A Papamoa resident spent three hours furiously sweeping water away and building trenches to fight off the 100mm of rain which pelted the suburb on Wednesday night.

Motiti Rd resident Corina Stoian was forced to get out in the rain to try to keep the water out of her bottom floor flat by sweeping it away and digging trenches in the ground.

"All the water was rushing down the bank to our house. We had to keep fighting it."

Mrs Stoian had been living at the property about a year and had never seen flooding like it before.


"It's the first time in my life I have seen rain like that, too. I have never seen such water. The drains are too small to cope with the pressure so there was just water everywhere."

A Taylor Rd resident said flood waters entered her house through her garage and flooded the front entrance and bottom level of her house with the water rising about 60cm up the walls.

The family had to call the fire brigade to pump the water out of their home until about 11.30pm when the rain finally eased up, she said.

Another Taylor Rd resident, Andy Lyon, said he arrived home about 5.30pm to find flood waters lapping the base of his driveway. Within an hour the water had risen 30cm up the first step to his property. Luckily, no water entered his home, he said.

Pockets of heavy rain across the Western Bay of Plenty caused nearly $1 million worth of damage during June.

Flooding, slips, washouts, blocked culverts and fallen trees mainly east of Tauranga had kept contractors busy with downpours last week and Wednesday's rain contributed to the $1 million of damage, a Western Bay of Plenty District Council spokesman said.

Tauranga City Council city waters manager Steve Burton said the most intense rainfall on Wednesday was in Papamoa East with 100mm of rain falling. The rest of Papamoa had between 60 to 70mm while the rest of Tauranga and Mount Maunganui had between 30 to 60mm of rain.

Mr Burton said contractors were called to clear sump grates on 14 roads and deliver sandbags to six locations on Wednesday night.

"Litter and leaves blocking stormwater sumps were the main cause of surface flooding except for Taylor Rd."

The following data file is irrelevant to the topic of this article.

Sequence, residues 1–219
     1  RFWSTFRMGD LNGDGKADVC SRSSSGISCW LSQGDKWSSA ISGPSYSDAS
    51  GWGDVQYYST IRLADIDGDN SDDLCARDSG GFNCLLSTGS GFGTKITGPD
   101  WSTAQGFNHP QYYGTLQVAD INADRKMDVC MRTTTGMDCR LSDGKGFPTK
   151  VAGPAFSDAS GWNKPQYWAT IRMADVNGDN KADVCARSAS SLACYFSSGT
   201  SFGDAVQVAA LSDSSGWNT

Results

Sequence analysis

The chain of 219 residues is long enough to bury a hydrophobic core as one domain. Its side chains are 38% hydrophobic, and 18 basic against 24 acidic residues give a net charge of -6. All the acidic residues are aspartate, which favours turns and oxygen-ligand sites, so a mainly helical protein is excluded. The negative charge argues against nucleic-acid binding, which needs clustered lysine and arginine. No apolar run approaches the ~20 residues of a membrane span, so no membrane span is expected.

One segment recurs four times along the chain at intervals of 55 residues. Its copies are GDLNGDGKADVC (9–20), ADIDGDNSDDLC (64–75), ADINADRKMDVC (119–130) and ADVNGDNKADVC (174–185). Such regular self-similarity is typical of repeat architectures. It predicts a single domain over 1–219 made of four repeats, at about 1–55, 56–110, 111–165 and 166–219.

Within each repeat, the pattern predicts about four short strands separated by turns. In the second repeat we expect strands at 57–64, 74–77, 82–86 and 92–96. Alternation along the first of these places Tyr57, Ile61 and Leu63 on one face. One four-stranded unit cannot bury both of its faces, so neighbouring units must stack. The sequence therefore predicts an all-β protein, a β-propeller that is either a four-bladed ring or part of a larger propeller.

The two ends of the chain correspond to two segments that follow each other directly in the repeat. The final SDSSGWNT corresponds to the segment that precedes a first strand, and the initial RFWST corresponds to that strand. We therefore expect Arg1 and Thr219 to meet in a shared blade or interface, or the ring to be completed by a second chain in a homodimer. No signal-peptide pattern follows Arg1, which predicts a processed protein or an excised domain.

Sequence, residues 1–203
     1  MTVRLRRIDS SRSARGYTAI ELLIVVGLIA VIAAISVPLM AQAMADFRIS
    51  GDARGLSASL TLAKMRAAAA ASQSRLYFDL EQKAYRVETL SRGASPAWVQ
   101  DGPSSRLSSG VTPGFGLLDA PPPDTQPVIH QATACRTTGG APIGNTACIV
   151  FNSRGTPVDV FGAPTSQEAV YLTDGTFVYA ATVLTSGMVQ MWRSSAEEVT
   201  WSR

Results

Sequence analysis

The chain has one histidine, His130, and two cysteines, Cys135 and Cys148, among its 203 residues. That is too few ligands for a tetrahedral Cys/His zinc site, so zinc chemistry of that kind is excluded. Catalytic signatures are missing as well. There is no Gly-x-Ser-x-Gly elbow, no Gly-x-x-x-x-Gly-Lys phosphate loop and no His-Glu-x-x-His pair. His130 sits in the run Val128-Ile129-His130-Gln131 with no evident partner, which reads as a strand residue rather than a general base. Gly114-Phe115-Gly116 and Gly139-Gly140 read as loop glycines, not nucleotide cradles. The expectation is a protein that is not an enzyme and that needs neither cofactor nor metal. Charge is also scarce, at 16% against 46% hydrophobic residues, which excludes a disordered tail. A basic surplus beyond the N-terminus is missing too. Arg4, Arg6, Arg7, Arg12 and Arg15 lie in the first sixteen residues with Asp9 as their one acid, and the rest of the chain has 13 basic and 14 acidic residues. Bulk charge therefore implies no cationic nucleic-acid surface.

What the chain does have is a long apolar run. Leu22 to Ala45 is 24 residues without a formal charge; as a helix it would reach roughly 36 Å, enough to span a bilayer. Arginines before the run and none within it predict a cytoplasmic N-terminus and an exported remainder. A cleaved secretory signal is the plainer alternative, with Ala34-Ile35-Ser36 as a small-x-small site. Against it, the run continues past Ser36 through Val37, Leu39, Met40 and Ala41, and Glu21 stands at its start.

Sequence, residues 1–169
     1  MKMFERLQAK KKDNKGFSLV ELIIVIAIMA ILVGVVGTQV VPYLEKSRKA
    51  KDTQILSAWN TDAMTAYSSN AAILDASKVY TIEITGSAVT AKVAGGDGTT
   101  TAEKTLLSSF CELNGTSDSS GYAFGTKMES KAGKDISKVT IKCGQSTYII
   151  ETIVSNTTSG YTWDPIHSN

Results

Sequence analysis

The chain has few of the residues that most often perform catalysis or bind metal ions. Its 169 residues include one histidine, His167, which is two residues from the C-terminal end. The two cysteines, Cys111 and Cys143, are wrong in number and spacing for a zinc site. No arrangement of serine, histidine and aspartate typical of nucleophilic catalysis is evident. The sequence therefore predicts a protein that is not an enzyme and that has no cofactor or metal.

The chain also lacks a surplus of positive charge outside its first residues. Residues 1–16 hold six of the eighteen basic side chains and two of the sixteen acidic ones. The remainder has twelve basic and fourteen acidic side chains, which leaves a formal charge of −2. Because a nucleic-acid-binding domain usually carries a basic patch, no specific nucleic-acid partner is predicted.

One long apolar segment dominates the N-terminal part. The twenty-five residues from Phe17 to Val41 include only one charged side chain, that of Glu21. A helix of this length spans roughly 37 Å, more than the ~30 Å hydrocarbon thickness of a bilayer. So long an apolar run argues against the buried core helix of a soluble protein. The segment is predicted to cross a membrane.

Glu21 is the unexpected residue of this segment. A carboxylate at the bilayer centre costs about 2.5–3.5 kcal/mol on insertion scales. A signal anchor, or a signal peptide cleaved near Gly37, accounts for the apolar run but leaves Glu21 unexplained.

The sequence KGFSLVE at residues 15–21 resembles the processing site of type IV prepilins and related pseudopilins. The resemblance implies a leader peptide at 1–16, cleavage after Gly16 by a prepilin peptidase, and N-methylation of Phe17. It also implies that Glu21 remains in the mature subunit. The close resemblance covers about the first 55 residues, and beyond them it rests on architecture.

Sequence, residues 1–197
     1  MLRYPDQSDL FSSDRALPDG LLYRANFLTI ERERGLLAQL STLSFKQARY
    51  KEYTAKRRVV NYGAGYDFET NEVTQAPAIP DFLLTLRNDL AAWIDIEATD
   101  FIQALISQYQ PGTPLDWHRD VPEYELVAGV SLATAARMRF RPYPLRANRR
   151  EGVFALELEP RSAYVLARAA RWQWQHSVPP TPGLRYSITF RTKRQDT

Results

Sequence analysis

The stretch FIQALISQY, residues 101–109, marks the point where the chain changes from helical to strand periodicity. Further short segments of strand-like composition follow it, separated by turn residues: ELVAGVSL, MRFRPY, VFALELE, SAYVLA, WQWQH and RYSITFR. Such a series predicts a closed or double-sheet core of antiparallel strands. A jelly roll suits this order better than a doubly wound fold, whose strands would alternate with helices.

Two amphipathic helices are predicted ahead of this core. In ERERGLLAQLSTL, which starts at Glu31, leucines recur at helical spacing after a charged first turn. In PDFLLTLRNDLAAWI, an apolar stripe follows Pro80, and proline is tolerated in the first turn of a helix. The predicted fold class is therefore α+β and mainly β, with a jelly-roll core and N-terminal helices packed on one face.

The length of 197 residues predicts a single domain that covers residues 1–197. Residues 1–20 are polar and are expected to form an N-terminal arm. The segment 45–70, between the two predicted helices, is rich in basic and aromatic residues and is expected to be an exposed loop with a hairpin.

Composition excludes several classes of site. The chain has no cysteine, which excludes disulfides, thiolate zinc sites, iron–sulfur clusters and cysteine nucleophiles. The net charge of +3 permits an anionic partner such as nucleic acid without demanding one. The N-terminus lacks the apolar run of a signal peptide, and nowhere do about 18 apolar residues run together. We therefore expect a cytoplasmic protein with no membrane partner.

Taylor Rd in Papamoa was the worst affected, he said.

"Most roads in Papamoa are designed to cope with excess water in heavy rain events, so that the water collects on the road as surface flooding instead of flowing into the nearby homes.

"Taylor Rd is a bit different because it is an older area and relies on ground soakage. There is a small pump at Motiti Rd that is designed to help move excess stormwater out of the area, but it could not cope with the intensity of this particular rainfall."

Western Bay of Plenty District Council manager of group infrastructure Gary Allis acknowledged the severe rain in the last week had caused issues along Te Puke Highway, including multiple potholes.

The council's roading contractor was monitoring the various sites daily and working to keep the road surface as safe as possible with temporary repairs, he said.

"Small holes are being sealed with emulsion to try and waterproof these areas before they become potholes."

Mr Allis said sections of highway which had been worked on this year had been surfaced with a first coat of chipseal. A second coat was planned for spring, he said.

"The first sealing coat is designed to last between one and three years when a second coat is applied, providing a fully waterproof layer. The combination of severe rainfall and high traffic volumes has proved too much for the single-seal coat. The initial seal coats have let water in, and affected the pavement under the seal."

The sections with major issues would be covered with asphalt prior to the second coat of chipseal, he said.